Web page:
One of our main targets will be to create fungal infection sensors for artificial larynxes. These silicone structures are highly prone to infection, which not only makes the patient ill, but also impedes the function of the implant. We will work towards integrating passive sensing devices directly into the prostheses to give an early warning of fungal biofilm build-up and allow an intervention to prolong the useful life of the implant. Our materials scientists will develop methods to integrate conducting structures directly into the silicone substrates and our bioscience collaborators, in partnership with a local multi-disciplinary health team.

What are the materials involved in these sensors?

As our sensors will be either mounted directly on the skin in the form of tattoo transfers or implanted into patients, we must use biocompatible materials. Not only must they be chemically compatible with humans, they must also have the correct mechanical properties to avoid stress to the tissues on which they are placed. I am working with a soft materials expert to create silicones and other polymers as functional materials, which respond directly to stimuli. I am also planning to look at the micro patterning of polymers grown by AM to provide sensing functionality.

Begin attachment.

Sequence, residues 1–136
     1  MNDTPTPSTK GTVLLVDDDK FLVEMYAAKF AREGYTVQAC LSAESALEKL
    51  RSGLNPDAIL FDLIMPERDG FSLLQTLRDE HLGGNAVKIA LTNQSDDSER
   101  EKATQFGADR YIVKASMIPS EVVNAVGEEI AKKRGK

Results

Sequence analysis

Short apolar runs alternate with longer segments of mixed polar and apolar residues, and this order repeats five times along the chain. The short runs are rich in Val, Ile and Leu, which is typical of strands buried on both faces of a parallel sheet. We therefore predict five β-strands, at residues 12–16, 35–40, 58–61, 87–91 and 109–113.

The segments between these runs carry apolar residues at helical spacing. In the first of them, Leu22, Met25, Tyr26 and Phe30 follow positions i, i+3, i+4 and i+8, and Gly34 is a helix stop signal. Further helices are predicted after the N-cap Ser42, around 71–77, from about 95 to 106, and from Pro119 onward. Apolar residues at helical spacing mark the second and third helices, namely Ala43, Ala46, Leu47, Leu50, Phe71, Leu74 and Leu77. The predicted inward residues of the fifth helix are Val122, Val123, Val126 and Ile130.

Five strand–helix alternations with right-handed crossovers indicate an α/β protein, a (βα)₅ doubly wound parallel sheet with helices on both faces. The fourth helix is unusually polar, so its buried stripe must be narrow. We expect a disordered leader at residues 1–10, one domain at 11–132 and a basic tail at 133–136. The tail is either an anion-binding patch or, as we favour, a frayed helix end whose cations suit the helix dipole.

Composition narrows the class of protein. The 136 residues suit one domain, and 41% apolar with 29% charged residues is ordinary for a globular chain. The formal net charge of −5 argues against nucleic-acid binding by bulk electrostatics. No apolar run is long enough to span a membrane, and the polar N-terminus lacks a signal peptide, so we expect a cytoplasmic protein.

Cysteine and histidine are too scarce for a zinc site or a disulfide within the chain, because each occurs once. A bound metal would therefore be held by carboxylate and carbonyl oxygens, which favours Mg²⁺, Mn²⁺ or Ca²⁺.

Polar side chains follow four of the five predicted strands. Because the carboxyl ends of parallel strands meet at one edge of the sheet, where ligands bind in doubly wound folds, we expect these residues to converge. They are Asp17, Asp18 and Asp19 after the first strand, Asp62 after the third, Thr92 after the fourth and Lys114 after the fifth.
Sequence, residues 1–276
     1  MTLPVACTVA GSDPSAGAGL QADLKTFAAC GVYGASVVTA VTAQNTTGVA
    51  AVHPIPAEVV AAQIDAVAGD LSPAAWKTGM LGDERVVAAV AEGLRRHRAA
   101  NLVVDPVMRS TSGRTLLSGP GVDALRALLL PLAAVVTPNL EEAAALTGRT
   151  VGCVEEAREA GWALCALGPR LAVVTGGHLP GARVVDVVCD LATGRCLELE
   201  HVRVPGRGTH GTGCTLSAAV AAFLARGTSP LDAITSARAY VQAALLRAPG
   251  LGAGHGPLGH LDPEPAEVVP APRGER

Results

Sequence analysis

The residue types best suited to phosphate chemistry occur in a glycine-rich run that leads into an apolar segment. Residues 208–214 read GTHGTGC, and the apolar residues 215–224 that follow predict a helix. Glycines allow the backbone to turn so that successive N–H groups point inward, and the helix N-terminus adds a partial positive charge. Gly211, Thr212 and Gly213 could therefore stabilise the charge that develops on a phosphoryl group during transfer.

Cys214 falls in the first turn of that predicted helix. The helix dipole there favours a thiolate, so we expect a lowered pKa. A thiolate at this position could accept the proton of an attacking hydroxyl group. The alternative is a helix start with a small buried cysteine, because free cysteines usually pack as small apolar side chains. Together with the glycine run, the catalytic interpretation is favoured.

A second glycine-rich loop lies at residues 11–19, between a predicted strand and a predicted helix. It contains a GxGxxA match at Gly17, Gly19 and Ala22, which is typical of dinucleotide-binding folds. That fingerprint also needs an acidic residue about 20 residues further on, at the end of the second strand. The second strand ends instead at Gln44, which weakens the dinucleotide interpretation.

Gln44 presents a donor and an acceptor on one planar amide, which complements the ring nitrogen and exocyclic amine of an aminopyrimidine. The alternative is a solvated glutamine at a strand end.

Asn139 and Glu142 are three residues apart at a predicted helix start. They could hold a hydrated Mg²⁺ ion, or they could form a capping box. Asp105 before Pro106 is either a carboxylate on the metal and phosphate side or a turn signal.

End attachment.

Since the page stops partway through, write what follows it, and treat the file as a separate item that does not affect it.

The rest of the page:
The real challenge is creating functional materials that are sufficiently selective and sensitive to biological agents. The materials must respond to the stimuli by changing physical properties, such as size, conductivity or permittivity without any local power supply or amplification. We must also design chemical to radio frequency transducers to signal the response to a remote reader. Finally, all our proposed designs must be considered for AM processes to make them viable in bespoke form.